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3 veterans celebrate treatment court graduation in Great Falls - KRTV News in Great Falls, Montana

3 veterans celebrate treatment court graduation in Great Falls

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Three veterans graduated on Tuesday from the 8th Judicial District Veterans Treatment Court in Great Falls. Three veterans graduated on Tuesday from the 8th Judicial District Veterans Treatment Court in Great Falls.
Szabu noted, "You have to be willing to change. You have to be willing to listen." Szabu noted, "You have to be willing to change. You have to be willing to listen."
The main focus of the program is to get the men and women the treatment they need. The main focus of the program is to get the men and women the treatment they need.
Before the graduation ceremony on Tuesday, the U.S. Department of Justice honored Jennifer Quick for her work as the founding prosecutor of the program. Before the graduation ceremony on Tuesday, the U.S. Department of Justice honored Jennifer Quick for her work as the founding prosecutor of the program.
After the presentation, Amber Henning - who works at the courthouse and also appeared in "A White Christmas" - sang "God Bless America." After the presentation, Amber Henning - who works at the courthouse and also appeared in "A White Christmas" - sang "God Bless America."
GREAT FALLS -

Three veterans graduated on Tuesday from the 8th Judicial District Veterans Treatment Court in Great Falls.

The goal of the program, which Judge Greg Pinski established in 2013, is to improve services to veterans and reach out to families of veterans. 

It is a 12 to 18-month program that works to get proper treatment for vets who have been charged with criminal offenses and are struggling with serious addiction or mental illness. 

It involves probation officers, substance abuse counselors and mental health providers, as well as representatives from veterans organizations. 

They must also abide by strict conditions, follow rigorous treatment plans, and attend scheduled hearings before a judge. 

Josh Elder was one of the first veterans to be part of the program and he graduated after two years. 

He was also joined the Stacey Szabu, who is the first female to graduate; and James Dickinson, who the first Navy veteran to graduate.

Tuesday's graduation brings the total number of graduates to 11; there are currently 12 people enrolled in the program.

Participants made weekly appearances in the non-traditional court to talk about their progress as well as discuss any set-backs.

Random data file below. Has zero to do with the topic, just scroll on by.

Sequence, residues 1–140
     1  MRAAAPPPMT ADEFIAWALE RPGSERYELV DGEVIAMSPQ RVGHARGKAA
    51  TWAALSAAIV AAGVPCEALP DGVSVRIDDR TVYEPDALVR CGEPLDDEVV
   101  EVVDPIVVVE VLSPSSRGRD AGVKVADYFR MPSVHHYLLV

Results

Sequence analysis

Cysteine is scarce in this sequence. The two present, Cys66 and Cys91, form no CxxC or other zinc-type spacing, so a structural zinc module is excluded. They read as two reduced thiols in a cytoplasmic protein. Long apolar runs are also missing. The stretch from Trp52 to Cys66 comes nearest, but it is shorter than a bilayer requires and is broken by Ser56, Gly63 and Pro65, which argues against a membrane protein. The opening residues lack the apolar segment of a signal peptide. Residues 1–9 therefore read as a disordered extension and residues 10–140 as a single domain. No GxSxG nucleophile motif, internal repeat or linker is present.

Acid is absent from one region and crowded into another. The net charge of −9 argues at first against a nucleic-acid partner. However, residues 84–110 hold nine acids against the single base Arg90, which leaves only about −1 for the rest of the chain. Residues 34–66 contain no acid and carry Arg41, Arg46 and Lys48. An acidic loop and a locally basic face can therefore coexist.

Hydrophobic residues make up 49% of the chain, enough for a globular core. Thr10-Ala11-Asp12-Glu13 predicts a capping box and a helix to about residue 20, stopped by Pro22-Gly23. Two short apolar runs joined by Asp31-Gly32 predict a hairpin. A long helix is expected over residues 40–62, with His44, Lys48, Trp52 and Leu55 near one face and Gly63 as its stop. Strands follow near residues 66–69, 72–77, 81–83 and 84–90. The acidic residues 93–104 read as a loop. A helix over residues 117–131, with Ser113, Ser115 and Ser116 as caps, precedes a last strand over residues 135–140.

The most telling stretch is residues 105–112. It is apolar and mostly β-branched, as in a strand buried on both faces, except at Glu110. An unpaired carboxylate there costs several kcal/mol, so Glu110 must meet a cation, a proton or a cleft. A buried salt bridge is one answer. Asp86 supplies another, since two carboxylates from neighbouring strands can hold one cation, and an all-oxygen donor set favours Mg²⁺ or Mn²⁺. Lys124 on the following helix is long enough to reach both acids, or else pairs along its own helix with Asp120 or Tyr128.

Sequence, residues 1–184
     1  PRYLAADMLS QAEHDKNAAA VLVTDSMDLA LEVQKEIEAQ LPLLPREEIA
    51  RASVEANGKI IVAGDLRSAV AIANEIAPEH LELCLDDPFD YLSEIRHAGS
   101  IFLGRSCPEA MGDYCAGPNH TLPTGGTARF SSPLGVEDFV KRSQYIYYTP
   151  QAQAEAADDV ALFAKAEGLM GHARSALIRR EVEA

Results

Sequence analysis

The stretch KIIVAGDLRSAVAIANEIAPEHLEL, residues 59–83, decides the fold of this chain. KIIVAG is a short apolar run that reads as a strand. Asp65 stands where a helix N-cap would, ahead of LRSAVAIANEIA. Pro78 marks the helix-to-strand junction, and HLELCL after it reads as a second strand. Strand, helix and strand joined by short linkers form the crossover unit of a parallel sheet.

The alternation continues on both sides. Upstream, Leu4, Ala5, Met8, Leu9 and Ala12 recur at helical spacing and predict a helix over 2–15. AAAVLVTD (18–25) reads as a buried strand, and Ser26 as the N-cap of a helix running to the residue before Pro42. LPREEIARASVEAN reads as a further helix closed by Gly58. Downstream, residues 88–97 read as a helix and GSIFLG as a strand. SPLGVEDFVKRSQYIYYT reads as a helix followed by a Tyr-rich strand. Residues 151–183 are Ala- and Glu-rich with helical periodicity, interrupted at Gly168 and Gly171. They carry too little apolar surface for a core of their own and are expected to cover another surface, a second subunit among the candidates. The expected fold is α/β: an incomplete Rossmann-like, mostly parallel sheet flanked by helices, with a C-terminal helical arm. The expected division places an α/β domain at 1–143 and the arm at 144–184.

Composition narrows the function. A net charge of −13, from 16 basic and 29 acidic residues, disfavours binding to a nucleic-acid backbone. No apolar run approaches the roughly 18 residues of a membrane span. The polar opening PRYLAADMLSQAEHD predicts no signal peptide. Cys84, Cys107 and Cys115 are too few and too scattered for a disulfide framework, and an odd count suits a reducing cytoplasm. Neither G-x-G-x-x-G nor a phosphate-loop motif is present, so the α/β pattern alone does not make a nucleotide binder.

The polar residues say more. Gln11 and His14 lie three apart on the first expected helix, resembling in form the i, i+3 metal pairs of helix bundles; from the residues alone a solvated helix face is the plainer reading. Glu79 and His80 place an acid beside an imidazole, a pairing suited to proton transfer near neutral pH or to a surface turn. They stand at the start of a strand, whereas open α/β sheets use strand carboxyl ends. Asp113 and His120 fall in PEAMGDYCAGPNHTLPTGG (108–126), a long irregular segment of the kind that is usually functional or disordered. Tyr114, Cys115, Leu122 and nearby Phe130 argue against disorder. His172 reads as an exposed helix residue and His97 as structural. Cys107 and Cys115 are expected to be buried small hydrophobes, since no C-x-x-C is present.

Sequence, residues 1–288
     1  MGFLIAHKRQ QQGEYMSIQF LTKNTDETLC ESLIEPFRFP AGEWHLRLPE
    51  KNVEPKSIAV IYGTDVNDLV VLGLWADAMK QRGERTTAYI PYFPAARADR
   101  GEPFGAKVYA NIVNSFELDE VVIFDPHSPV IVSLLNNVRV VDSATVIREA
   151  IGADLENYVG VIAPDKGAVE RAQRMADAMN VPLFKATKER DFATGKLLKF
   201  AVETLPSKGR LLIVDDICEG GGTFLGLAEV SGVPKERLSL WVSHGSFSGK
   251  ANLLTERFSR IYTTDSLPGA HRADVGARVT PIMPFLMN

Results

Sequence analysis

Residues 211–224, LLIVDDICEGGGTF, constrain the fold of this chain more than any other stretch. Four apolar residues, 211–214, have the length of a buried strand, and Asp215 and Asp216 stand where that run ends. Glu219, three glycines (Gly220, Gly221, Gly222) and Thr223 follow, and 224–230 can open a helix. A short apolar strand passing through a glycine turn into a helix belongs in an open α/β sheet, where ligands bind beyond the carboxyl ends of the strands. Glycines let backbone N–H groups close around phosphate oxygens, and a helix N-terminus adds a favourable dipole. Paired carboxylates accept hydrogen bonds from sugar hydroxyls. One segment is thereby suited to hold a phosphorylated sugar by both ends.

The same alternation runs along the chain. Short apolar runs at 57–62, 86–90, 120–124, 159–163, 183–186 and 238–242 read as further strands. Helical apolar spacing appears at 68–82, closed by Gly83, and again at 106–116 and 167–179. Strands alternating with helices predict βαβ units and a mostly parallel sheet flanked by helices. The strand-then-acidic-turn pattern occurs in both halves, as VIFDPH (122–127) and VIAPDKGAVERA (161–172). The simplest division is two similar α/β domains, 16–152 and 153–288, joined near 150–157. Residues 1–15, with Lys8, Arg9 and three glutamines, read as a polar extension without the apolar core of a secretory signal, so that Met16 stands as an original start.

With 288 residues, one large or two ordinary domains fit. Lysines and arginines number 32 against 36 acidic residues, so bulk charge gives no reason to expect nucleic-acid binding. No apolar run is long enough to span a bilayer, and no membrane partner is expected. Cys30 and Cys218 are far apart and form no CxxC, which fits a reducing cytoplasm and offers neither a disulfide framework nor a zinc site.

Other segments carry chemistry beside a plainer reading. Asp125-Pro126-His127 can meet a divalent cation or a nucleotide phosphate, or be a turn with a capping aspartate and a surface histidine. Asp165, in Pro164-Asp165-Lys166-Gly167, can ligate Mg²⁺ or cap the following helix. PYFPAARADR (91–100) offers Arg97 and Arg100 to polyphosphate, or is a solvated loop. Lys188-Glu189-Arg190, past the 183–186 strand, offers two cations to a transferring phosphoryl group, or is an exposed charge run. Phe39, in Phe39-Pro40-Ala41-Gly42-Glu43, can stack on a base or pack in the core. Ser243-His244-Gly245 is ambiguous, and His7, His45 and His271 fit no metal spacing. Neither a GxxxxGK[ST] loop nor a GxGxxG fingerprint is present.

The main focus of the program is to get the men and women the treatment they need.

Szabu noted, "You have to be willing to change. You have to be willing to listen. If you don't like what's being said in court, it's probably because you are doing something you are not supposed to be doing. They are there to help you. That's all that everybody in this staff wants, is to help you succeed and do right."

Before the graduation ceremony on Tuesday, the U.S. Department of Justice honored Jennifer Quick for her work as the founding prosecutor of the program.

During the last two years, Quick has helped about two dozen veterans through the program.

“Jennifer is personally and professionally passionate about veterans’ issues,” said Judge Pinski. “She went above and beyond by engaging in outreach efforts to expand enrollment and educate other Montana prosecutors on the benefits of the Veterans Court.  Without her support and hard work, the Cascade County Veterans Court would not exist.”

“Jennifer Quick and Judge Pinski are to be commended for their instrumental roles as catalysts for the Cascade County Veteran’s Court, and we look forward to a continuing state and federal collaboration,” said Montana U.S. Attorney Mike Cotter.

The U.S. Department of Justice says that Veterans Court reduces crime, enhances public safety, saves taxpayer money, and helps people by facilitating sobriety, treating mental health conditions, improving social relationships, and promoting lifelong stability for veteran offenders in the community. 

Also during the graduation ceremony, Linda Fuller of Miss Linda's Dance Studio presented the court with a check for $1,000.

The dance group raised the money with their winter performance of "A White Christmas."

Judge Pinski says the donation will go toward helping veterans who need a service dog.

After the presentation, Amber Henning - who works at the courthouse and also appeared in "A White Christmas" - sang "God Bless America."

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